Americana Administrative Law
Forthcoming, 111 GEO. L.J. ___ (2023)
67 Pages Posted: 18 Mar 2022 Last revised: 12 Aug 2022
Date Written: March 8, 2022
On January 13, 2022, the Supreme Court blocked the Biden Administration’s vaccine-or-test mandate, a measure meant to save thousands of lives amid a one-in-a-century pandemic. Justice Gorsuch’s concurrence suggested that the Court’s decision vindicated the nondelegation doctrine, even if indirectly. Gorsuch argued that Congress could not be left to its own devices because open ended delegations corrupt congressional incentives. The Gorsuch concurrence marks the triumph of a new pitch for judicial self-empowerment this article calls “Americana administrative law.” Rather than hyping the threat of executive aggrandizement, nondelegationists are deploying cynical and declinist notions of Congress to justify judicial self-empowerment. The “Americana” in Americana administrative law comes from nondelegationists’ attempt to restore an idealized Congress that has never worked as cleanly as they suppose. Beyond the non-delegation doctrine, the administrative law literature often justifies judicial interventions with claims of congressional “gridlock,” partisanship, and decline.
This article has two main contributions. First, this article describes the rise of Americana administrative law from the “constitutional politics” around the nondelegation doctrine. I provide a genealogy for this approach and frame it as a pitch for judicial self-aggrandizement. Second, this article provides a corrective. The courts are neither above nor outside separation-of-powers conflicts. They are instead participants in the ongoing inter-branch contest for the ability to determine outcomes. Americana administrative law ignores much of what we know about Congress. Congress is an evolving body at the end of a centuries-long experiment with legislatures. It has developed “hard” and “soft” powers that allow it to realize its agenda and defend itself from the other branches. This article argues that the law and the literature should drop the pretense that judicial doctrine can “fix” an institution as complex as Congress.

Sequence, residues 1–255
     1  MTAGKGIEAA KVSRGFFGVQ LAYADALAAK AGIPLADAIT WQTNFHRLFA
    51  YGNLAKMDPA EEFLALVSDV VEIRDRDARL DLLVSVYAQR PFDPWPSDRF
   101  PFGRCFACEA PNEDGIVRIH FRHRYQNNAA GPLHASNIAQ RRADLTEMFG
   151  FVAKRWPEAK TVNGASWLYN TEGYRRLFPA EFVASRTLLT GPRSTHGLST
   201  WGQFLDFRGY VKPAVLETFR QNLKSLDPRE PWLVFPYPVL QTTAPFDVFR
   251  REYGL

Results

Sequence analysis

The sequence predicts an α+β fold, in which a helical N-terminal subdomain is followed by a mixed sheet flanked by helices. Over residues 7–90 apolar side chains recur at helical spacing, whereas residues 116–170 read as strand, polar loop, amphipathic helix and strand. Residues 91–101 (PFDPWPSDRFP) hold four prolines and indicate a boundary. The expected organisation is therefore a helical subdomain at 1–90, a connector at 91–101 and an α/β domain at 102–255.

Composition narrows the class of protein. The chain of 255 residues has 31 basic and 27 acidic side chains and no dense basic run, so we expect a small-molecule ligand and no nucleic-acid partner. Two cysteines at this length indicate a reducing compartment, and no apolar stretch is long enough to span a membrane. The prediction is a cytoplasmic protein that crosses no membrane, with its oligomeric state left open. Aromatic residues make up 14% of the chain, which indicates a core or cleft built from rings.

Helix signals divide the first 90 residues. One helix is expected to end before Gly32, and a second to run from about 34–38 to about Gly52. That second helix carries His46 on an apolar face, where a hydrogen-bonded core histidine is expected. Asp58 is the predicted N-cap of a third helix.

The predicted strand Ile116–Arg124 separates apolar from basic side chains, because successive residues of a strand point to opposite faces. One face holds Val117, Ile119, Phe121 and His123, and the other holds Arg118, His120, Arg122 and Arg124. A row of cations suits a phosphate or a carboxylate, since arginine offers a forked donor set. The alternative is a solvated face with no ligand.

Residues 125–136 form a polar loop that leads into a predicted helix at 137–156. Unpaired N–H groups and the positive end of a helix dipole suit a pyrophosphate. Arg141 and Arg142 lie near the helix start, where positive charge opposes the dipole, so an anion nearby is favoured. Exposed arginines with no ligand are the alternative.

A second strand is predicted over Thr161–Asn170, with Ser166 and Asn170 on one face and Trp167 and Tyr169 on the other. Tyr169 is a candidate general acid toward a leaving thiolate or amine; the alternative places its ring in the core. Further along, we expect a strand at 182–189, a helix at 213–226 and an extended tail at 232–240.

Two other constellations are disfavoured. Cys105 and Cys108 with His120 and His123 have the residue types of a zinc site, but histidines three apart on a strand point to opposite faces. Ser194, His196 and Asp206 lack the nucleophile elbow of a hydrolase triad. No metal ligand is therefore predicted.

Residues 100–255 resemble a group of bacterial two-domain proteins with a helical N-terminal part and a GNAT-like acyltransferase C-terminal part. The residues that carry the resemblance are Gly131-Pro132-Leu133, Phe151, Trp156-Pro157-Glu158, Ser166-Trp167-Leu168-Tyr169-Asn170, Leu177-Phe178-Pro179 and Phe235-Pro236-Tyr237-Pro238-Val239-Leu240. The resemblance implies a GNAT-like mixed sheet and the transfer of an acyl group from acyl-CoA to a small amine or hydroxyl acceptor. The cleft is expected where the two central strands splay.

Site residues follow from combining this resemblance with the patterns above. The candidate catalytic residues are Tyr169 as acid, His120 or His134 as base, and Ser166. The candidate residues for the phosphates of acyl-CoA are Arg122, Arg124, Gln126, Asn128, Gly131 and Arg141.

Keywords: major questions doctrine, deference, nondelegation, administrative law, OSHA, separation of powers
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